Women's Health Matters

Text Size
Jump to body content


Postmenopausal bleeding or heavy and irregular bleeding are the most common signs of endometrial cancer. Pelvic pain may occur but is very rare. Unusual vaginal discharge and pain during intercourse can also be symptoms of endometrial cancer. Although there are many causes of irregular bleeding and these symptoms are usually the sign of benign conditions, you should visit a gynecologist as soon as possible if you experience these symptoms.

Your gynecologist will review your medical history and do a complete physical exam. Your doctor may first order a transvaginal ultrasound to help rule out other conditions but some kind of biopsy is usually necessary to determine the cause of the bleeding and to ensure that cancer is not present. If endometrial cancer is suspected, your doctor will suggest that a sample of the endometrium be removed for testing.

The Sampling of Endometrial Tissue

To find out whether cancer is present or if the abnormal bleeding is due to some other benign process, such as hyperplasia, some of the endometrial tissue must be removed and examined under a microscope. Tissue can be sampled using an endometrial biopsy, dilation and curettage (D & C) or hysteroscopy.

Endometrial biopsy is an office procedure. The sample of endometrial tissue is obtained by the physician through a very thin suction tube inserted into the uterus, through the cervix. The tube removes a small amount of tissue. The discomfort this causes is similar to that of menstrual cramps.

Dilation and curettage (D & C) is an out-patient hospital procedure. It is used if an inadequate amount of tissue was taken from the biopsy or if a clear diagnosis of cancer cannot be made from the biopsy. The cervix is dilated and a special surgical instrument is used to scrape tissue from inside the uterus. The procedure takes about an hour and requires either a local or general anesthetic. Most women experience little discomfort. This procedure may or may not involve a hysteroscopy.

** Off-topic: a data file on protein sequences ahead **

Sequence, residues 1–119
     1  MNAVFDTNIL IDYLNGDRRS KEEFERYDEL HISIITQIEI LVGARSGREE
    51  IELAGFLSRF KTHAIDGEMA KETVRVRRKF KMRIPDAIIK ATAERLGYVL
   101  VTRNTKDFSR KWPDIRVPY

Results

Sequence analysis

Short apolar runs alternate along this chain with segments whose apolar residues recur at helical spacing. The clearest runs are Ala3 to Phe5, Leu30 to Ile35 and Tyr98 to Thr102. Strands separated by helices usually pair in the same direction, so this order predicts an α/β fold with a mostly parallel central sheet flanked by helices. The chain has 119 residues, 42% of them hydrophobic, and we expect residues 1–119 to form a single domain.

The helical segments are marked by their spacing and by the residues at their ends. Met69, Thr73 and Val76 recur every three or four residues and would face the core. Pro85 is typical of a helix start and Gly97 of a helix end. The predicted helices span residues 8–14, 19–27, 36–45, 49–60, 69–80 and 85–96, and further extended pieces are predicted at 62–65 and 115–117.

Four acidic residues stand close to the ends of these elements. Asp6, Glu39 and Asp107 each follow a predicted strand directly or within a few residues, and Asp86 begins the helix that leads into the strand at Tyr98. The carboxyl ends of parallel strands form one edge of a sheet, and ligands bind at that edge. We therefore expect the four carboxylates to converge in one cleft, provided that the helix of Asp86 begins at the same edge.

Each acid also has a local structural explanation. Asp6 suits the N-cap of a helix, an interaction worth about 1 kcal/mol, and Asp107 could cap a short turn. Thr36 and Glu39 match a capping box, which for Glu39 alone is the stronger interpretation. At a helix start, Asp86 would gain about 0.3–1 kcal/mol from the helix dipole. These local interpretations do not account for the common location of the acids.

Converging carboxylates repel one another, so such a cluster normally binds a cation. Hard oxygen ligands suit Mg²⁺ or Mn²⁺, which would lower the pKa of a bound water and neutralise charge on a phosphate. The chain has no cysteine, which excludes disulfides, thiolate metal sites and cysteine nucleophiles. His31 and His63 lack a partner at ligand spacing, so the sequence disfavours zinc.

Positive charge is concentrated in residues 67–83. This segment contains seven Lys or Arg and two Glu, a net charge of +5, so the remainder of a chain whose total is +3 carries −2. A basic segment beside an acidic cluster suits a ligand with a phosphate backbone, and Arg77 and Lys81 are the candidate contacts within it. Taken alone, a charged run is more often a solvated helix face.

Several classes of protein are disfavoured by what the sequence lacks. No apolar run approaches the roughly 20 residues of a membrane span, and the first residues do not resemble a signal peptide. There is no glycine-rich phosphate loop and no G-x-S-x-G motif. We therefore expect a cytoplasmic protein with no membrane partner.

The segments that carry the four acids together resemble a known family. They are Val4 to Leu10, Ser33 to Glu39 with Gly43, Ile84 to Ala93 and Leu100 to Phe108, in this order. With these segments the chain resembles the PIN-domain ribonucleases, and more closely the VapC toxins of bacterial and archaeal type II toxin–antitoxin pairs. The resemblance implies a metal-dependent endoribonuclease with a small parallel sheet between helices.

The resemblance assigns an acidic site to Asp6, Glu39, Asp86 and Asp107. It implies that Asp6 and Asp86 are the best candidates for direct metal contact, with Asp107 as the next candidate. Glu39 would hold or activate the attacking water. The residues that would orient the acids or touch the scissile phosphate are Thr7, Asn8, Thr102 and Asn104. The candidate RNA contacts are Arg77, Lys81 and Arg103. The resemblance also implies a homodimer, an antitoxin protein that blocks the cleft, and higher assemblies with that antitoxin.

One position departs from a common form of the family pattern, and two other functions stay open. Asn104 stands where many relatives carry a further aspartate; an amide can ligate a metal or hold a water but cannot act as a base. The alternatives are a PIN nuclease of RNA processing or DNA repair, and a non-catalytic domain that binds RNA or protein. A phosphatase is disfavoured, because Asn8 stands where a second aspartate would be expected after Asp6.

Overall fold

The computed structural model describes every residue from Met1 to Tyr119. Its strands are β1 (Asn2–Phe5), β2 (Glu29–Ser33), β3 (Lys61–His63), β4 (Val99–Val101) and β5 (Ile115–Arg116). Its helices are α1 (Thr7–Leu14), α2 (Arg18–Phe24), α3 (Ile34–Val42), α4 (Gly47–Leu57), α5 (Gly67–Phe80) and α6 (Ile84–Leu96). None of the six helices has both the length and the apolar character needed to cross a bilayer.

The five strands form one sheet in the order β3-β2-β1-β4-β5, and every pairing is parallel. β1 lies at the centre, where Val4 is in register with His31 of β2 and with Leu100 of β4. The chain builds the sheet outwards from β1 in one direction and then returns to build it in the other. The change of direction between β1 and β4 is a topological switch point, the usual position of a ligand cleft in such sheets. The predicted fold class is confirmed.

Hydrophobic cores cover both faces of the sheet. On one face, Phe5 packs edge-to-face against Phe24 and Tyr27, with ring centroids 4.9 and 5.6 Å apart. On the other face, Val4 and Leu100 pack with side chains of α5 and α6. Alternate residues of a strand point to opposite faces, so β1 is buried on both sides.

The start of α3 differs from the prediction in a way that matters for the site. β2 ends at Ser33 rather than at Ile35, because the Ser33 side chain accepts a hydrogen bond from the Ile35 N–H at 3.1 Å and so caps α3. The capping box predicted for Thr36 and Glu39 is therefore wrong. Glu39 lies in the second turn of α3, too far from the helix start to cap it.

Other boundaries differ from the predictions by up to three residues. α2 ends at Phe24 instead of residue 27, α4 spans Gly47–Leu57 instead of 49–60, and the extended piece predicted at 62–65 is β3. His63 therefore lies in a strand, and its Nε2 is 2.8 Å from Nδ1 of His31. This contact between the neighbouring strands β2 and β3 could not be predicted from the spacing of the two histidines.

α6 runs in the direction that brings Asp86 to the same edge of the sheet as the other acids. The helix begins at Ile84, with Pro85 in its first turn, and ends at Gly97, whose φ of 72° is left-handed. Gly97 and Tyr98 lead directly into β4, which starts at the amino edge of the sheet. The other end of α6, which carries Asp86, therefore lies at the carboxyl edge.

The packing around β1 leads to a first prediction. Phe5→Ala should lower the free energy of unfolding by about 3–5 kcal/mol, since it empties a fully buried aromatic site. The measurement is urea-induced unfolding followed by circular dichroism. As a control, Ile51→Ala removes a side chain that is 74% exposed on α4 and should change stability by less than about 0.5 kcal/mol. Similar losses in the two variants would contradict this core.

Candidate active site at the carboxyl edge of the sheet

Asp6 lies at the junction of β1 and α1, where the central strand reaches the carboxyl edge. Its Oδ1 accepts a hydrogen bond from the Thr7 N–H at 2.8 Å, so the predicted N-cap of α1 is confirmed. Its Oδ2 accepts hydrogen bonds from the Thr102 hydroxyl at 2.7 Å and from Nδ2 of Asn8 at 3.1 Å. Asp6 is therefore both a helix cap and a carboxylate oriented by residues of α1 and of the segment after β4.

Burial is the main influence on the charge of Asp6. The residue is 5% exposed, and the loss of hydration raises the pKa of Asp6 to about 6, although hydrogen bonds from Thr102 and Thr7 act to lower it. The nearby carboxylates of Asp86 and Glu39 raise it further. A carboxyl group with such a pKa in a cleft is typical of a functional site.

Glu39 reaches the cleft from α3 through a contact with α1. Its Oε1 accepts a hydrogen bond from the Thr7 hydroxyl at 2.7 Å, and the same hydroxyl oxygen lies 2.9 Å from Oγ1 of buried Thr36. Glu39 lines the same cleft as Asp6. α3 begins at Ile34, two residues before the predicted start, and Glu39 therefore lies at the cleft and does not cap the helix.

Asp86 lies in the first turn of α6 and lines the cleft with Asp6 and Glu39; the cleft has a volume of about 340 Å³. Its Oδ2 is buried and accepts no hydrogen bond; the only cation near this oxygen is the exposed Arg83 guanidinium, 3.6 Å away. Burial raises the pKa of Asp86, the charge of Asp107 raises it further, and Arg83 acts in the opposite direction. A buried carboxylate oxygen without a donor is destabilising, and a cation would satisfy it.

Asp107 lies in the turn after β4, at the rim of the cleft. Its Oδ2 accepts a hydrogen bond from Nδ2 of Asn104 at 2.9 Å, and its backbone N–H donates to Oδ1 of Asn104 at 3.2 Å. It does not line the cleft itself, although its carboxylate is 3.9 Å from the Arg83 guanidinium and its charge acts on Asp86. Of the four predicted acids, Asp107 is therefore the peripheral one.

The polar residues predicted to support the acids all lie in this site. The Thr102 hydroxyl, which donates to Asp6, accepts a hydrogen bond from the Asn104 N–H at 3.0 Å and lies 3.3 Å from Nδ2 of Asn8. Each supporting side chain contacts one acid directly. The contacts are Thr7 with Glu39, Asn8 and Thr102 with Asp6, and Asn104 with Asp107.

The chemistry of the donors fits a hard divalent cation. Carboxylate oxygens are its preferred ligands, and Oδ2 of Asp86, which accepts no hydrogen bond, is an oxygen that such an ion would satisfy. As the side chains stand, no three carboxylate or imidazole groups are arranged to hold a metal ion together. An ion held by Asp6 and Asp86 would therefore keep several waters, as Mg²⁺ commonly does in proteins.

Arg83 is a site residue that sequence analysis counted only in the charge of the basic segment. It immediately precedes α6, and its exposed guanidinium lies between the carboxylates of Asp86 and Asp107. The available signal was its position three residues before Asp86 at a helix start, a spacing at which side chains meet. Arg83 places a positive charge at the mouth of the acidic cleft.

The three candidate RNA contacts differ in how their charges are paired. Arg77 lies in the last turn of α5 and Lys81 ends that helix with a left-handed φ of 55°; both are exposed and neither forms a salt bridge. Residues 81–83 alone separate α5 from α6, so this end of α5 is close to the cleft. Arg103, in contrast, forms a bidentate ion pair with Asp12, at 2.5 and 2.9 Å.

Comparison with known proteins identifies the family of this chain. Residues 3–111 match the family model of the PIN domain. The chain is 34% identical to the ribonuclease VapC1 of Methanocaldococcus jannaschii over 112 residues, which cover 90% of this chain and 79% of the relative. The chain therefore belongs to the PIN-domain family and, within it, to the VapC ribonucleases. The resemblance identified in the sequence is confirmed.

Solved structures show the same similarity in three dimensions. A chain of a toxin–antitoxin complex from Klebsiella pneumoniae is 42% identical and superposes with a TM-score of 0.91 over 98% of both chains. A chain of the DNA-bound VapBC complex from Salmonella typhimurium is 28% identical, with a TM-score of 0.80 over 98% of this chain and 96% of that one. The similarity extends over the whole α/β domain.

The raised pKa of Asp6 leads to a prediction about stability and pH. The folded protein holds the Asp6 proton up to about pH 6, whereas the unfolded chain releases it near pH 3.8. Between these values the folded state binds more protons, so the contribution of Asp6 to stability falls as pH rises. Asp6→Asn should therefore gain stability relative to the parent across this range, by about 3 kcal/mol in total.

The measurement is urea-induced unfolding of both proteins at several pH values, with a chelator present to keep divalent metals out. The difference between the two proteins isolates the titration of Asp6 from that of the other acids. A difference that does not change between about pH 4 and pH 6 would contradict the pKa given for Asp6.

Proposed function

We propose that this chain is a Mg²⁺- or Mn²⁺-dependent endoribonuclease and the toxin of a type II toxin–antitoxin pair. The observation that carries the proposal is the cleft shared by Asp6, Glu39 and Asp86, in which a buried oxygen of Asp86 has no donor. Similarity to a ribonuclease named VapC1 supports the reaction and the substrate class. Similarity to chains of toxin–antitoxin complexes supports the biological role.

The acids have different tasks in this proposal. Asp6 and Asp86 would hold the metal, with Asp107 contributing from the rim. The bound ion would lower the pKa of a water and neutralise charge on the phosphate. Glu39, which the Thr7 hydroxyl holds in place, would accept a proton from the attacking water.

Hysteroscopy is a procedure that can be performed in a doctor’s office. A doctor uses a tiny telescope with a light on the end to examine the inside of a woman’s uterus. If any abnormalities are found, your doctor will take a biopsy sample. Patients receive a local anesthetic and may experience period-like pain for about a day afterwards.

The Testing of Endometrial Tissue

To determine whether cancer is present, a pathologist examines the tissue samples, removed by biopsy, D & C or hysteroscopy, under the microscope. If cancer is found, it is characterized and graded.

Occasionally, other tests are done before surgical treatment, such as a CA-125 blood test or imaging tests, to determine whether the cancer has spread; however, these tests are not usually done because they are rarely helpful.

The lab report will state whether it is an endometrioid cancer or any of the other types of endometrial cancer.

The Stages of Endometrial Cancer

Staging is used to describe the size of a tumour and whether a patient's cancer has spread. Knowing the stage of your cancer can help you and your doctor choose the treatment that is most appropriate for you. The stage is determined by examining tissue removed during an operation.

The main system used to stage endometrial cancer, which was approved by the International Federation of Gynecology and Obstetrics (FIGO), classifies the cancer as Stage I, Stage II, Stage III or Stage IV.

Stage I: The cancer is limited to the body of the uterus.

IA – tumour limited to the endometrium
IB – tumour invades less than one half of the muscular wall of the uterus
IC – tumour invades the outer half of the muscular wall of the uterus

Stage II: The cancer has spread from the body of the uterus to the cervix.

IIA – tumour involves only the mucosal lining of the cervix
IIB – tumour invades into the stroma or underlying wall of the cervix

Stage III: The cancer has spread beyond the uterus, but not to the rectum or bladder.

IIIA – tumour spreads to the tissue surrounding or on either side of the uterus, fallopian tubes or ovaries, or the peritoneal washings (done at the time of surgery) are positive for cancer cells
IIIB – tumour extends into the vagina
IIIC – tumour spreads into the pelvic, groin or para-aortic nodes

Stage IV: The cancer has spread beyond the pelvis to other parts of the body.

IVA – cancer has spread to the mucosa (inner surface) of the urinary bladder or the rectum
IVB – tumour has spread to liver, lung or bones


Jump to top page

  • A publication of:
  • Women's College Hospital